One of our first favorites came from Xfinity and their collaboration with Steve Carell as Santa. This ad addressed the current year head-on and touched on all of the challenges we have had to face, adapt to and overcome. This approach allowed for an optimistic rise as one continues through the rest of the ad. Steve Carell adds some much-needed comic relief and gives us a Santa that will make you look forward to the holidays ahead.

    Santa, played by Steve Carell, tasks his elves with creating new and exciting gifts to raise the spirits after the hard year.

    2. PayPal

    Our next choice comes from PayPal. This one takes a less direct approach at addressing the current state of society, but it’s clear that they aren’t ignoring it. One of the best parts of this one is the fact that there are no spoken words throughout the entire ad. The creativity comes from the story that the visuals represent. There’s a lot of little things you can pick up each time you watch this ad.

    A dad makes it his mission to create the perfect backyard stage for his daughter’s nutcracker dance after not being able to attend the real show in person. The dad makes several purchases online with PayPal throughout his journey.

    3. Microsoft

    The last ad we want to show you is from Microsoft. There’s not a lot to say here other than, who doesn’t love dogs? Microsoft reveals how simple it is to put a smile on our faces. Nothing will boost the spirits of the audience like getting plopped into the dreams of a dog. However, it does a good job of highlighting a lot of their products at the same time in a fun and creative way.

    A dog wanders to each of this human companions at home only to find them on a Microsoft device. After laying down to sleep, he dreams he is participating in all the activities the humans had been doing.

    Now, these are just a few of the ones we liked, but of course there’s plenty more out there. This holiday season we challenge you to pay attention to the ads that make you smile and spread some holiday cheer by sharing them with others. Happy holidays from the SRB team! See you in 2021!

  • December 11, 2020

    Holiday Marketing Tips for 2020

    2020 has dampened the Holiday spirit making it harder for businesses to market themselves. While this year’s Holiday season has already proven to be different, it doesn’t mean that we can’t create an effective marketing strategy and spread some cheer at the same time. So, strap on those elf ears, don those ugly sweaters, and let’s get to work with these 3 tactics.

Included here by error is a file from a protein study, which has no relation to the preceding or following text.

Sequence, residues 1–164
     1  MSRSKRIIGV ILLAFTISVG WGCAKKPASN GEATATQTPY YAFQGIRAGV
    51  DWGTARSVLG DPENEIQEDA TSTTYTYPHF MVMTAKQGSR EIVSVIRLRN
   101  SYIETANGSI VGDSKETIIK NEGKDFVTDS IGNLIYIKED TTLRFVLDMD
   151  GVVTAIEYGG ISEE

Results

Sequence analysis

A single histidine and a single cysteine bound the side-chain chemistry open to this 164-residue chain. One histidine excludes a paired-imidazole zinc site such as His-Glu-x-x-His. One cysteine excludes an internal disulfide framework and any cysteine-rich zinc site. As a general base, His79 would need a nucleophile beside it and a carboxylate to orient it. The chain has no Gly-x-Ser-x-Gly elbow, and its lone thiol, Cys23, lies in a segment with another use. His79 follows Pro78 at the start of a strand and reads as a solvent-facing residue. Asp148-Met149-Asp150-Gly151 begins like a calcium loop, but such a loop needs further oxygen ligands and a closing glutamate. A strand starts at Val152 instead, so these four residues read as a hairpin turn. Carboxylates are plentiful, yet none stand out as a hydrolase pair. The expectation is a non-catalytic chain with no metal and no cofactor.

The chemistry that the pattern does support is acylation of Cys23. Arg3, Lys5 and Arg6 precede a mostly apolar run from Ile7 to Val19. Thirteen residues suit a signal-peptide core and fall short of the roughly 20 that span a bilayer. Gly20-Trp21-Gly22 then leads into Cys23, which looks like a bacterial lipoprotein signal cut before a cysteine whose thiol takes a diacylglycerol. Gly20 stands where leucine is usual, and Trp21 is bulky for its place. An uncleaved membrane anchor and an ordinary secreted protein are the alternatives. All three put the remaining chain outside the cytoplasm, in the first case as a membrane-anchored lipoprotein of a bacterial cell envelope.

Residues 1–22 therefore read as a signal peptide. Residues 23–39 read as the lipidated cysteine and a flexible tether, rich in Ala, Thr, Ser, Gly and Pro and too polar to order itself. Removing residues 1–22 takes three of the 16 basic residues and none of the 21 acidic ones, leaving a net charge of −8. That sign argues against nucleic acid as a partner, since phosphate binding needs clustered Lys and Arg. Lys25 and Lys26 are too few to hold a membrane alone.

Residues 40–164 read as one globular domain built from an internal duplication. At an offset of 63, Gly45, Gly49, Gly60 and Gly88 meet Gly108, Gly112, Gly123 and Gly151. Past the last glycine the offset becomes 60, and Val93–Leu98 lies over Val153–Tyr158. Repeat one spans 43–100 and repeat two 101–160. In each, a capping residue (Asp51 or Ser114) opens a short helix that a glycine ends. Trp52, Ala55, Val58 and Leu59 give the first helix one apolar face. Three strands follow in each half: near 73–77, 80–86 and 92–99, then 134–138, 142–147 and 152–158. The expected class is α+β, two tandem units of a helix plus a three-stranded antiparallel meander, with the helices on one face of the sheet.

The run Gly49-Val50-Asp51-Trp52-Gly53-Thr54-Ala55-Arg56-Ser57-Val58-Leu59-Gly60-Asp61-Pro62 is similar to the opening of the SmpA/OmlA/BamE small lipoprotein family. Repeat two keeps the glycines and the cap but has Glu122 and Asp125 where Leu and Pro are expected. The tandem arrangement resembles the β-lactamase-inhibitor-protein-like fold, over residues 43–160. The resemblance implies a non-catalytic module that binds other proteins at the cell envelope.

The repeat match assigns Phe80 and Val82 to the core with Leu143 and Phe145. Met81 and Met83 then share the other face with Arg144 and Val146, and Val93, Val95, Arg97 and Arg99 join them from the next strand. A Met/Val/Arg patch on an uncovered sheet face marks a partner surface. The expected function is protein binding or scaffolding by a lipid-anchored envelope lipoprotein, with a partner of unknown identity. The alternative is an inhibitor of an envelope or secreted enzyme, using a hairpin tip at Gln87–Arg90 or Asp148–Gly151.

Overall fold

Email marketing

    The 2000s called and they want their email marketing back!  While email may seem like an out-of-date method to reach customers, it is one of the most effective and cost-efficient ways to make a conversion.

    Content is what matters most when it comes to email marketing. The Holidays are a busy time of the year, so offering customers convenience is key to increasing sales.  Making it easy to purchase the products they see is a must. That shirt they like better have a “buy now” button underneath or the sale is as good as gone. Overall, the name of the game is getting the customer to the checkout in as few clicks as possible.


    Less people are going to be rushing out on Christmas Eve to the mall to get that last-minute gift. That means that online shopping will be more important than any other year before.

    Your website needs to be up-to-date, welcoming, and easy to navigate. Go visit your website right now…Be on the lookout for any pain points a customer might experience on their way to the checkout. Pain points are revenue killers. Like we said, the holidays are a busy time and customers are looking for convenience. Your website should load fast and have user-friendly steps to get them to the checkout as smoothly and quickly as possible.

    While you’re already checking out your website, why not spruce it up a bit! Deck the halls with boughs of holly! Since we won’t have big Christmas parties or tree lightings to go to, make your website as festive as possible and give the customer a boost of Holiday spirit to spread to others.

    Girl holding out gift with candy canes

    Social Media Community

    It’s time we put the social back in social media. One of the best parts of the holidays is the sense of community we feel throughout the months. Obviously, much of what we love about the season has changed and people are searching for some sort of replacement. Engage with your followers. Reply to comments and spark conversations. Post things that foster the community they’re looking for. Use your social media to drive more people to interact with each other. As the hub of the new community, people will naturally begin to engage with your brand. It’s a great way to build an authentic persona for people to respond to; this year, people need that.

    Facebook App on Phone

    Above all, remember that this year has been hard for many. People are looking for a little cheer. Be authentic with every strategy you implement. Also, be safe, focus your efforts on online sales, and wear a mask!

    Happy Holidays!

  • November 27, 2020

    Building a World of Accessibility